I don't understand why Christians (and any other deity-driven religion) can't see this logical flaw, and what I will propose kind of turns Pascal's Wager on its head in a different way. In the wager, we are told to just believe anyway just in case because while we may give up a human life of freedom, we'll have an eternal afterlife.
Let's suppose there is a god, and for familiarity we'll use YHWH or the big JC. In the grand scheme of things, the lifespan of a human being is but a fraction of a fraction of a fraction of time when compared with eternity, yes? Why would any deity, who reportedly has been in existence forever and will be around forever, be concerned with humans believing he's real while we're on earth?
When you consider the alternative, that after death your soul would be eternal and could then be shown that god exists, you would clearly be a believer then and the payoff for god's ginormous ego would be limitless. Why would he leave it up to some shoddy book, a small population of uneducated goat-herders and the ensuing molesters and thieves to provide his proof? And for that matter, if he loves being worshipped or believed in, why wouldn't he just give us a choice after we died? Wouldn't he reveal himself to us and say, "It's me, believe or not?"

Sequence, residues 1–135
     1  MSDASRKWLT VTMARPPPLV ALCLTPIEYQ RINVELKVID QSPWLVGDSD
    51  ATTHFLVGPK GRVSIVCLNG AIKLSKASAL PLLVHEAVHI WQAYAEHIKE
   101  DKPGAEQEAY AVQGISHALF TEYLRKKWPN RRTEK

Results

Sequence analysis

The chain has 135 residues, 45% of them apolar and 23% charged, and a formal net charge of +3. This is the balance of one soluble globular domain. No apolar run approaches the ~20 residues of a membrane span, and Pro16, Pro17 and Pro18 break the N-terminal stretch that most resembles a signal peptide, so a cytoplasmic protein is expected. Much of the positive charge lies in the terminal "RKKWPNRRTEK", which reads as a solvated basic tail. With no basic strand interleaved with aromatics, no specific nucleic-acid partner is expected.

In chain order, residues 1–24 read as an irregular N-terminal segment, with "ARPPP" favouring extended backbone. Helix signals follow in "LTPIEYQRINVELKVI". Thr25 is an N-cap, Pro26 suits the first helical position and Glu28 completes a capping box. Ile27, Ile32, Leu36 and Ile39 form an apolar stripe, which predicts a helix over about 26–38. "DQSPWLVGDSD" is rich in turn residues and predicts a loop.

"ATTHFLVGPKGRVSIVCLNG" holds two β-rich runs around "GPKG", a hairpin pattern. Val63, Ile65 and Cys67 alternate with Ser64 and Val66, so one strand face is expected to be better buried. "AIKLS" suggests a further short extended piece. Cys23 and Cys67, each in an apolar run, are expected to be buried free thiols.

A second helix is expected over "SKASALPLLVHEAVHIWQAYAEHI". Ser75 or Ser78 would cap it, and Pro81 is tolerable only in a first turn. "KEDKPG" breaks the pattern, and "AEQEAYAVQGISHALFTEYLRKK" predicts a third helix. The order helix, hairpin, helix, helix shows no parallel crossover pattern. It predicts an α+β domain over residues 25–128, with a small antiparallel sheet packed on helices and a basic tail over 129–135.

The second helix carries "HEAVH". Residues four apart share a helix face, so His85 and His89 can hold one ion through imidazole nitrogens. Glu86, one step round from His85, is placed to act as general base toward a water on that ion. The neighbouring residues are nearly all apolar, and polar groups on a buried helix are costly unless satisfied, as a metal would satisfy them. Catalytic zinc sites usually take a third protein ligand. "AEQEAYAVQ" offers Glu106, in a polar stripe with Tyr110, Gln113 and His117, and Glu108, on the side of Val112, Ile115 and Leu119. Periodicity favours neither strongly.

He would have so many believers and it would be for eternity. If he's truly the insecure egomaniac he's portrayed as in the bible, wouldn't he forgive "just in case" and reap the benefits of eternal belief by giving us proof after death? We'll call it God's Wager.
If you ask a believer this simple question, they'll say, "God is all about that faith, 'bout that faith, no reason. He's all about that faith, 'bout that faith, no reason."